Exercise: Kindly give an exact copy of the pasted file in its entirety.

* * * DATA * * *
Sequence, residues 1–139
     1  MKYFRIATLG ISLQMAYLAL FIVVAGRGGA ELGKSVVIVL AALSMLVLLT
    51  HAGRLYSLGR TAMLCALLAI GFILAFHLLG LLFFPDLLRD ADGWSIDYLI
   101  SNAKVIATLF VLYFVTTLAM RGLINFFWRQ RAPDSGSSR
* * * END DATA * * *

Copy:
Sequence, residues 1–139
     1  MKYFRIATLG ISLQMAYLAL FIVVAGRGGA ELGKSVVIVL AALSMLVLLT
    51  HAGRLYSLGR TAMLCALLAI GFILAFHLLG LLFFPDLLRD ADGWSIDYLI
   101  SNAKVIATLF VLYFVTTLAM RGLINFFWRQ RAPDSGSSR